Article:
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'American style politics': Sask. Party's mass video text a risky way to grab support, experts say


Many Saskatchewan residents have been receiving unsolicited political text messages of the Sask. Party taking aim at the Saskatchewan NDP and their leader Carla Beck.

Media experts say texting can be an effective campaign tool, but parties run the risk of annoying some voters.

The video accuses NDP leader Carla Beck of travelling to Ottawa to plot and election strategy with Prime Minister Justin Trudeau and federal NDP leader Jagmeet Singh to get Liberals re-elected.

“I grew up on a farm. I know B-S when I see it,” Beck said of the video.

Last week, the three leaders attended a labour convention in Ottawa but did not share the podium together. One attendee has posted a photo on X to make the point.

“This isn’t something to be taken lightly. You know, they can do what they are going to do. This is on them, the reality in this province whether that’s in education, in health care,” Beck said.

The texts were authorized by Saskatchewan Party which stand by the messaging.

“Well, texting in Saskatchewan is nothing new. The political parties in Saskatchewan have been using texting since the 2020 election,” Sask. Party executive director Patrick Bundrock said.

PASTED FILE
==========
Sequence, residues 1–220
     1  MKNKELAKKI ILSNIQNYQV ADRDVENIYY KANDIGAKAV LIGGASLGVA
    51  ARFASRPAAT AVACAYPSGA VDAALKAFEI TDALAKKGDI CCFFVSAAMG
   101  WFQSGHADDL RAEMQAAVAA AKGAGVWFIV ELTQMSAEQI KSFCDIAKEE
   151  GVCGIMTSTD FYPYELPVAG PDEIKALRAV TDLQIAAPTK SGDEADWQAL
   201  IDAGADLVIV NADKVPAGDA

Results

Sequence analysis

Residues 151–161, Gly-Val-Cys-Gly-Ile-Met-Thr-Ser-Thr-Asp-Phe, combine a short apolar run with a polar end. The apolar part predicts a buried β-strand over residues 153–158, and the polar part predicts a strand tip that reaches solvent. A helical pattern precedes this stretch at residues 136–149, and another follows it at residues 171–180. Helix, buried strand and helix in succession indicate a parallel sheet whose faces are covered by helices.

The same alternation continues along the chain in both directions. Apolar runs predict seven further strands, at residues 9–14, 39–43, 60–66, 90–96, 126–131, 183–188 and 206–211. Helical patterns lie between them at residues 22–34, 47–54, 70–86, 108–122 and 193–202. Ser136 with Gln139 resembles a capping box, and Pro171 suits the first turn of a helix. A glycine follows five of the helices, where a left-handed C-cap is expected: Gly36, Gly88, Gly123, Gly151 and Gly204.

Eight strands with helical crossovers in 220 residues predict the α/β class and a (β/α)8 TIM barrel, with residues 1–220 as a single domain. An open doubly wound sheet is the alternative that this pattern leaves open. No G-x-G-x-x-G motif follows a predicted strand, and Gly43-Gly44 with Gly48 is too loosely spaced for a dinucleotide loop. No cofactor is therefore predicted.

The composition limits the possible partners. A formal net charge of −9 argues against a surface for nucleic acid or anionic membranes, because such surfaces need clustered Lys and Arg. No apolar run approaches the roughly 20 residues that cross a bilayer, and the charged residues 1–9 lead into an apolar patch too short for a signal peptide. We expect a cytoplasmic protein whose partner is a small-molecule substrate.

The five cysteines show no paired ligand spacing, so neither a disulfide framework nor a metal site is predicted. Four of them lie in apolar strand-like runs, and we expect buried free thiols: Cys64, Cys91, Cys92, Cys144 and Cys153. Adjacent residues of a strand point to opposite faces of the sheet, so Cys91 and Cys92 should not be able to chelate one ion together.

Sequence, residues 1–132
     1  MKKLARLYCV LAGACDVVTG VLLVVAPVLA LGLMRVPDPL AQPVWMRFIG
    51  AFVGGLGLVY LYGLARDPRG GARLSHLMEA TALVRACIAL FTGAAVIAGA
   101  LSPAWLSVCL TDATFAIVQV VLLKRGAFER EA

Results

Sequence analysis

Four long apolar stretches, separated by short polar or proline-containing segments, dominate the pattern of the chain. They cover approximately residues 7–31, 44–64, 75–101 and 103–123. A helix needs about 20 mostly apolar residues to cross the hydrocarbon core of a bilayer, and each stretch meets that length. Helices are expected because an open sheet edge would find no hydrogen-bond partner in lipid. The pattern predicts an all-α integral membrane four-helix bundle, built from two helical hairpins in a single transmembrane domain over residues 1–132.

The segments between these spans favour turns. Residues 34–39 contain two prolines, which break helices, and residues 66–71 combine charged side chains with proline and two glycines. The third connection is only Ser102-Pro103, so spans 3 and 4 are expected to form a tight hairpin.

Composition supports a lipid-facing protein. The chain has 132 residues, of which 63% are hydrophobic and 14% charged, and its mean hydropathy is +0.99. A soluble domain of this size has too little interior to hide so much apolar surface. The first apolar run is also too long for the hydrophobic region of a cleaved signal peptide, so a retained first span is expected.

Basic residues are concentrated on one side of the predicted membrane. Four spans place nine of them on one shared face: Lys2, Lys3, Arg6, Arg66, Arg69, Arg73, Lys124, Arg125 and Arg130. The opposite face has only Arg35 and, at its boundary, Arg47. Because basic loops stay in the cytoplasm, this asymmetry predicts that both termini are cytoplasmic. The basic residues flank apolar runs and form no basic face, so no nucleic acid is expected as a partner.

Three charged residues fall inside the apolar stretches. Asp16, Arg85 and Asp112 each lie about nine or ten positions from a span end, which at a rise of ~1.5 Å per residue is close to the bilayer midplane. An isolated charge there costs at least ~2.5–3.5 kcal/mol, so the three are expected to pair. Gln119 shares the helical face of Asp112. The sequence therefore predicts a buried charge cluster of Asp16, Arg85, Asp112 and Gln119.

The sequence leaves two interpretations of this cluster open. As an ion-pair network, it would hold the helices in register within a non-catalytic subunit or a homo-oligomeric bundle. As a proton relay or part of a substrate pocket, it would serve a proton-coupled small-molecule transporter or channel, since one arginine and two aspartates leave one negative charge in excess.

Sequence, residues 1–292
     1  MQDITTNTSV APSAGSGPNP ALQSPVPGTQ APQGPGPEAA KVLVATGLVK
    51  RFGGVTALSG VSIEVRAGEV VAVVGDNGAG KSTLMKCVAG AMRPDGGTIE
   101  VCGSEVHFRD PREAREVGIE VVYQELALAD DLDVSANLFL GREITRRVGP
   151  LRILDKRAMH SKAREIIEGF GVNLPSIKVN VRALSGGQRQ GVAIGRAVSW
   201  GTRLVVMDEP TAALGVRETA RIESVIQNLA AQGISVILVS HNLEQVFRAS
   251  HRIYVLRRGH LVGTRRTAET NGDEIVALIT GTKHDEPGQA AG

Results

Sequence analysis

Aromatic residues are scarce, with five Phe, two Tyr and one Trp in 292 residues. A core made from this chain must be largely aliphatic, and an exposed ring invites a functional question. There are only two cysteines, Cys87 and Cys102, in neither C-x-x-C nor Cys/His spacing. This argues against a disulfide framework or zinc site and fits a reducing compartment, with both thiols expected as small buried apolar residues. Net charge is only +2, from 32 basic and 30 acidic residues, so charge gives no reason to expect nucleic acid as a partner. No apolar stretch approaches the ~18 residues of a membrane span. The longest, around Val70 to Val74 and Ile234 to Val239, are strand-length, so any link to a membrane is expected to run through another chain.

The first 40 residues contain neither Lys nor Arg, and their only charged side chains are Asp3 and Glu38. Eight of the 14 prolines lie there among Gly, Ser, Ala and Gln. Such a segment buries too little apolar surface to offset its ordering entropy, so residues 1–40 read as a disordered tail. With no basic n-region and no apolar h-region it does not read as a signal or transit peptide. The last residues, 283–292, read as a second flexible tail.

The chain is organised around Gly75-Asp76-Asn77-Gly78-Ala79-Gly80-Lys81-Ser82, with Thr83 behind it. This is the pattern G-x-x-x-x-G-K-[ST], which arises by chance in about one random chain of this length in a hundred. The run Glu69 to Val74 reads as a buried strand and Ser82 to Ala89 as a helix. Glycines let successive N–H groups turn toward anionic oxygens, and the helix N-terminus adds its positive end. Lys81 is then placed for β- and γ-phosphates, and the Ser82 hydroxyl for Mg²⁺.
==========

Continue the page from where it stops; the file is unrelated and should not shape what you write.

Some media experts consider the video American style politics.

“This particular message itself, really it lacks any issue based matter and really just looks at defaming the other party,” educational technology professor at the University of Regina, Alec Couros said.

It’s another way of reaching voters at the risk of being annoying to some, Couros added.

“Ultimately I think it will irritate people but most of the people who are irritated probably are people that aren’t going to vote for you anyway.”

Political parties do have authority to send text messaging to voters.

The Saskatchewan Party says it maintains a do not call list for those who do not wish to receive its messages. Top Stories

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